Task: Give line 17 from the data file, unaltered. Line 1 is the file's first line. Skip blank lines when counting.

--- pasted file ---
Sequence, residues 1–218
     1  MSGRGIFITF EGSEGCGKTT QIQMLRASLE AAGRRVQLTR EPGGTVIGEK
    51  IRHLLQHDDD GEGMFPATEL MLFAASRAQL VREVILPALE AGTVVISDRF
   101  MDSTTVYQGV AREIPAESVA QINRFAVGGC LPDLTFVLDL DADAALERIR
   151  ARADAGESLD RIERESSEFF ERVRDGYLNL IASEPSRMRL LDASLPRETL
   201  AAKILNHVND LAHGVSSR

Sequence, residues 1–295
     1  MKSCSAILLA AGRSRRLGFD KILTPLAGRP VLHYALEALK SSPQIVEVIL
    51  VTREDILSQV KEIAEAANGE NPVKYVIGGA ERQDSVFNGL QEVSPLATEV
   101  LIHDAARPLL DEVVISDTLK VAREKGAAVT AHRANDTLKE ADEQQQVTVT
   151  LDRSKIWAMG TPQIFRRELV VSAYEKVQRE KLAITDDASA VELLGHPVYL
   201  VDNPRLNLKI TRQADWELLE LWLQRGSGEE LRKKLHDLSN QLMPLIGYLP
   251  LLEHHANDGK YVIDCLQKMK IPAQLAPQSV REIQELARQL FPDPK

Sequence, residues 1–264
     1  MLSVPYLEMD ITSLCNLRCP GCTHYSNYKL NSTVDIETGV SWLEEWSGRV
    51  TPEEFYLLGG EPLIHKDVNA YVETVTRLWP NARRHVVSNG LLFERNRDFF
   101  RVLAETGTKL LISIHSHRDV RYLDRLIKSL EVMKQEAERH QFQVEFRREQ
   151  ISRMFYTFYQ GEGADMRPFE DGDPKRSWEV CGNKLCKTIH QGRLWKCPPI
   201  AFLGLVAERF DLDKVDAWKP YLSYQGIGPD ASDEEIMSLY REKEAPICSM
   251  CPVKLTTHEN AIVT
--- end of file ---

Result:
   101  RVLAETGTKL LISIHSHRDV RYLDRLIKSL EVMKQEAERH QFQVEFRREQ